This didn’t start out bad but it ended up being a slow, wet fart that soiled the picture’s pants.

Bloodshot is derivative as fuck and I guaran-damn-tee the writers, director and producers thought they were striking gold with this shit. It’s got that sort of young Hollywood smarm all over it and at best, it’s a SyFy movie of the week from fifteen years ago.

Honestly, though, I didn’t hate this. It didn’t have enough for me to latch onto in any sort of emotional or tangible way. It’s boring, tortuous and it looks drab as hell. If I’m being honest, I had a hard time staying awake watching this.

The comic book version of the Bloodshot character was infinitely more interesting, cooler and badass.

This comes across as a vanity project for Diesel, who wanted to be in a comic book movie where he got to show his face. I guess voicing Groot in the Guardians of the Galaxy movie wasn’t getting him the visual recognition he wants from single mother strippers buying Marvel bedsheets for their kids.

Rating: 4.5/10
Pairs well with: other comic book flicks that come nowhere near close to the higher quality standards of modern Marvel movies.

Film Review: Wonder Woman 1984 (2020)

Also known as: Wonder Woman 2 (informal title), WW84 (promotional title)
Release Date: December 16th, 2020 (several international markets)
Directed by: Patty Jenkins
Written by: Patty Jenkins, Geoff Johns, David Callaham
Based on: Wonder Woman by William Moulton Marston
Music by: Hans Zimmer
Cast: Gal Gadot, Chris Pine, Kristen Wiig, Pedro Pascal, Robin Wright, Connie Nielsen, Lynda Carter (cameo)

Atlas Entertainment, DC Entertainment, DC Comics, Warner Bros., 151 Minutes

Review:

“I don’t wanna be like anyone. I want to be an apex predator. You’ve always had everything while people like me have had nothing. Well now it’s my turn. Get used to it.” – Barbara Minerva

I really liked the first Patty Jenkins Wonder Woman movie. However, I always felt like my initial reaction was a bit overblown, as it had the same sort of long-term effect that the Marvel Cinematic Universe movies tend to give me. You see, I leave the theater really satisfied but then, as time passes, I don’t have much urge to ever rewatch them again.

I let my high rating for 2017’s Wonder Woman stand because it was my initial reaction to seeing the film for the first time. And I also thought that I’d give the sequels their fair shot at doing the same. I thought about revisiting the first movie before seeing its long-awaited and long-delayed follow-up . However, I just couldn’t muster up the interest.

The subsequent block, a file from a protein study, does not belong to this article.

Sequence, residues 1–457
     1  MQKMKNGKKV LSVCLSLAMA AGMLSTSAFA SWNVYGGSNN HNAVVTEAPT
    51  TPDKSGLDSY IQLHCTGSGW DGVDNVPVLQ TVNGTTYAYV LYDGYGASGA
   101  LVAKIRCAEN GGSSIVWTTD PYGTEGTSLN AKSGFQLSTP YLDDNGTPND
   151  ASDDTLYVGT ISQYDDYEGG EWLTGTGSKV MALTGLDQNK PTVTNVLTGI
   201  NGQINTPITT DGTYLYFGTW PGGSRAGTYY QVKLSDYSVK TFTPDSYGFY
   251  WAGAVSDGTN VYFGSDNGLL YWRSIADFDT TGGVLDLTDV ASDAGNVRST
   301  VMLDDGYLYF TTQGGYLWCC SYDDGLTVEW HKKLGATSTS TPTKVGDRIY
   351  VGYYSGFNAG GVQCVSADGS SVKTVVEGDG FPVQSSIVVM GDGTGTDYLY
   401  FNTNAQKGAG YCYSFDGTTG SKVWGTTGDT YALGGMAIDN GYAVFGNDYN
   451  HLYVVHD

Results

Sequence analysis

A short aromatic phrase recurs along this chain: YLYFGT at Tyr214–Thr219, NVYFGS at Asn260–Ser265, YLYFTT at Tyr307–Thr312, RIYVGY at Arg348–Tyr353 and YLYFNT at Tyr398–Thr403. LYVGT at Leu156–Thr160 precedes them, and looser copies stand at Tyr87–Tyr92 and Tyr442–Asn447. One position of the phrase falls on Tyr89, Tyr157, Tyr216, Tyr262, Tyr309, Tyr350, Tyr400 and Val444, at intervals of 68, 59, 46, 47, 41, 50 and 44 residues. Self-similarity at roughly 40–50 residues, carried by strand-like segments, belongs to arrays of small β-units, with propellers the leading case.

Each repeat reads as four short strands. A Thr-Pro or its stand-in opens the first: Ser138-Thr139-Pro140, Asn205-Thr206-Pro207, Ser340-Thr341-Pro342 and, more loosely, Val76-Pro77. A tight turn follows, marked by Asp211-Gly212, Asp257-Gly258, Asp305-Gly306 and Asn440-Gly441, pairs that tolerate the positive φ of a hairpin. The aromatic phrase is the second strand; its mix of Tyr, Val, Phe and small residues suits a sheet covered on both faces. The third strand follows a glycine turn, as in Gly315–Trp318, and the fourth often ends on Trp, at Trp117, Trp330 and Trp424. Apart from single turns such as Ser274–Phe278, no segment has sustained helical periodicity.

Having now seen Wonder Woman 1984, I feel a bit harsher towards the first movie, as it kind of exposes some of the flaws it had a bit more. The reason being, this film shares those flaws but also shows that Jenkins couldn’t correct them and in fact, doubled down on them because she either didn’t know they were there or because she doesn’t listen to actual criticism.

The biggest of those flaws is the action. In the first film, it was wonky and not very great except for a few dynamic shots. In this movie, you open with some Amazonian Olympic games, followed by a quick action montage to reintroduce us to the film’s hero. Then you have to wait an hour and twenty minutes before you get to the first legit action sequence, which is terrible, ignores all the laws of physics and has certain things happen just for plot convenience. You then get another sequence in the White House and then one more big final fight. That’s it for a two and a half hour movie about a comic book superhero.

I actually have to say that the opening sequence of the child Diana competing against adult Amazons in their version of American Ninja Warrior was, believe it or not, my favorite thing in the film. This takes up the first ten-to-fifteen minutes of the movie and then it’s all downhill from there.

This is followed up by reintroducing us to Gal Gadot, as the adult Diana a.k.a. Wonder Woman. This is a cheesy, slapstick-y introduction that wedges in so much blatant ’80s iconography it looks like Stranger Things buttfucking The Goldbergs while sucking on Ready Player One‘s tits and reaching around to fingerbang Hot Tub Time Machine. The whole sequence is awful, lowest common denominator, try hard bullshit where the director doesn’t know what she’s doing but she’s trying to cover that up by throwing Trapper Keepers in your face.

Over an hour later we get the next action scene. This is actually the first straight up, real action scene. However, it is quick, dumb and ended with Diana lassoing a goddamned missile, riding it down the street to scoop up two kids and then crashing and rolling on the street in a way that would have killed them. But whatever.

The White House fight was actually fairly decent and the only action sequence that was. But for a high point in regards to the action, it was dull and just a paint-by-numbers affair.

The final fight sees Diana then fight Kristen Wiig’s Cheetah, who at this point has turned into an actual humanoid cheetah. The character’s CGI is deplorable. I mean, it’s really damn bad. It was hard to watch this scene, as it played like late ’90s Sci-Fi Channel cringe.